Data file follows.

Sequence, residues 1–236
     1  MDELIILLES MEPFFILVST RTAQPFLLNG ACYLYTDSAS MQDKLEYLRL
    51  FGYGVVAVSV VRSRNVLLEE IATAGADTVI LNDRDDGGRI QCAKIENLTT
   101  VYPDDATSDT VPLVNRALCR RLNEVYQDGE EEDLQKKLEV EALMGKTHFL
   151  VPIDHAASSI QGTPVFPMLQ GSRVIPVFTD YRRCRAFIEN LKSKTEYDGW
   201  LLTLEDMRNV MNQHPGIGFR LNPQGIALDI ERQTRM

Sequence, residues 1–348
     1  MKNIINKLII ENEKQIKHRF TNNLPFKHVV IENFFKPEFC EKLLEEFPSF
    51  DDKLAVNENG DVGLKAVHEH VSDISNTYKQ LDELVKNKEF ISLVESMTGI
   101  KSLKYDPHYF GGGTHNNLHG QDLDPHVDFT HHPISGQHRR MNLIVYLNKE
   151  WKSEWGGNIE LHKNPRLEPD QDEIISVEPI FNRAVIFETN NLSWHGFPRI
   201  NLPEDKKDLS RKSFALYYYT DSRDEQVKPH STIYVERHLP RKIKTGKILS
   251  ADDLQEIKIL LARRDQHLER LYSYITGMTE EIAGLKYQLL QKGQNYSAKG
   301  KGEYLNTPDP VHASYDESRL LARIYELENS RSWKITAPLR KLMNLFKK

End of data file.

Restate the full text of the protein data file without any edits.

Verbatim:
Sequence, residues 1–236
     1  MDELIILLES MEPFFILVST RTAQPFLLNG ACYLYTDSAS MQDKLEYLRL
    51  FGYGVVAVSV VRSRNVLLEE IATAGADTVI LNDRDDGGRI QCAKIENLTT
   101  VYPDDATSDT VPLVNRALCR RLNEVYQDGE EEDLQKKLEV EALMGKTHFL
   151  VPIDHAASSI QGTPVFPMLQ GSRVIPVFTD YRRCRAFIEN LKSKTEYDGW
   201  LLTLEDMRNV MNQHPGIGFR LNPQGIALDI ERQTRM

Sequence, residues 1–348
     1  MKNIINKLII ENEKQIKHRF TNNLPFKHVV IENFFKPEFC EKLLEEFPSF
    51  DDKLAVNENG DVGLKAVHEH VSDISNTYKQ LDELVKNKEF ISLVESMTGI
   101  KSLKYDPHYF GGGTHNNLHG QDLDPHVDFT HHPISGQHRR MNLIVYLNKE
   151  WKSEWGGNIE LHKNPRLEPD QDEIISVEPI FNRAVIFETN NLSWHGFPRI
   201  NLPEDKKDLS RKSFALYYYT DSRDEQVKPH STIYVERHLP RKIKTGKILS
   251  ADDLQEIKIL LARRDQHLER LYSYITGMTE EIAGLKYQLL QKGQNYSAKG
   301  KGEYLNTPDP VHASYDESRL LARIYELENS RSWKITAPLR KLMNLFKK